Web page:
Just ahead of the 2018 midterms, I was attending a GOTV prep meeting for Mallory McMorrow’s first state Senate campaign when I received a text from my sister’s eldest. A college student, they asked if I was OK. Did I need to talk? Nothing registered. Soon I determined their message was in response to the notorious Tree of Life massacre, now recognized as the most devastating antisemitic hate crime perpetrated against the Jewish people in the U.S.
Suddenly, I was at a loss. Raised an observant Jew, I no longer practice. Years ago, I made peace with my inability to believe. Yet at that moment, in that room, among political allies, I felt alone. People spoke; only their lips moved. I felt a deep urge to be with “my people.” To be clear, my immediate family still practices all the traditions that I have shed and eschew. But somehow, this avowed atheist retains a phantom Jewish limb.
A vigil was hastily organized, as they often are. It would (naturally!) be held at the synagogue in which I was raised, in Oak Park, Michigan: Beth Shalom, a Conservative shul. That is to say, Conservative by comparison to Reform or Orthodox. I’ll simplify to add I spent many Saturday mornings at services, survived my pre-teen bat mitzvah and have a lot to say about curious customs like keeping kosher that I may or may not care to explain. (It’s OK to ask.) But I hadn’t been inside that particular building for a ceremony in a good long time.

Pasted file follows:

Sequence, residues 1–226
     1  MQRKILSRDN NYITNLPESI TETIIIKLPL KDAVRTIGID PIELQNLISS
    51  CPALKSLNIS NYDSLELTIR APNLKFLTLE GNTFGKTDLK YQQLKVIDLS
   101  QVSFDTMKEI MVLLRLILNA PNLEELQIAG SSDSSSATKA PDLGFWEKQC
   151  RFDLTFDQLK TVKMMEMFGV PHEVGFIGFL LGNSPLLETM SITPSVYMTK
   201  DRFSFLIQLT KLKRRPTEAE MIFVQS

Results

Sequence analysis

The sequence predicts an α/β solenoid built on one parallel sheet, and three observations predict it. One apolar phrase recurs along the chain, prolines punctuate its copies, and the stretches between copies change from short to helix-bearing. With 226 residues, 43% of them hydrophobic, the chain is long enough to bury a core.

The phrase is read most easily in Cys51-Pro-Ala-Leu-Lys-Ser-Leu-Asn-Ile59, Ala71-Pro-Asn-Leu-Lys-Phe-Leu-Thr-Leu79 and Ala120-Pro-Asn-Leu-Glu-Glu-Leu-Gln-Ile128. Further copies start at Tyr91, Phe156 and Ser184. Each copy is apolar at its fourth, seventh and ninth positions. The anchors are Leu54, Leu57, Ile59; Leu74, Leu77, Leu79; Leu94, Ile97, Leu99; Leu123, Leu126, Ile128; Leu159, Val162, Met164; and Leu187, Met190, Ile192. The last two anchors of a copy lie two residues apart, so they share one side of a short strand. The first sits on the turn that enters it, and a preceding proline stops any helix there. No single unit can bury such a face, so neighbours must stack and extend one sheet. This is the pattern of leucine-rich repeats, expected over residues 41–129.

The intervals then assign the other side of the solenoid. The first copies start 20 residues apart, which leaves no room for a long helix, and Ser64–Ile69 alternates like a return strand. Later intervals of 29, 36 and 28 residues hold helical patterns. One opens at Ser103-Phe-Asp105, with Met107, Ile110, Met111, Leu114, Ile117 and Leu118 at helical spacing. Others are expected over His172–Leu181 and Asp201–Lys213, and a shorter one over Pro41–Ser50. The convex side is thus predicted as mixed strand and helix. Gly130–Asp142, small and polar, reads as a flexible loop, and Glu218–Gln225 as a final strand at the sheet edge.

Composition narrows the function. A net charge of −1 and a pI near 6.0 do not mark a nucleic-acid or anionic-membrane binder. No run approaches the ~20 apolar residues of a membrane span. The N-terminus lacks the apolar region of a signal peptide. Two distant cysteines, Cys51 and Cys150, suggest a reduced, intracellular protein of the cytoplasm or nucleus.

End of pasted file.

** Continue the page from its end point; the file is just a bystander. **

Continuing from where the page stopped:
Uncomfortable alone, I asked a friend to join me. A friend from the community. Now, when I say, “the community,” as I have written for nearly six years for Pride Source, I don’t have to explain. Like sisters, she and I have our differences: For example, she’s not Jewish. And I’m not Italian. Or trans. I’m also a generation older. And she’s always game for an adventure.
The sanctuary was packed with congregants — long before Covid. Religious leaders from all walks spoke. Hymns were sung. The crowd dispersed.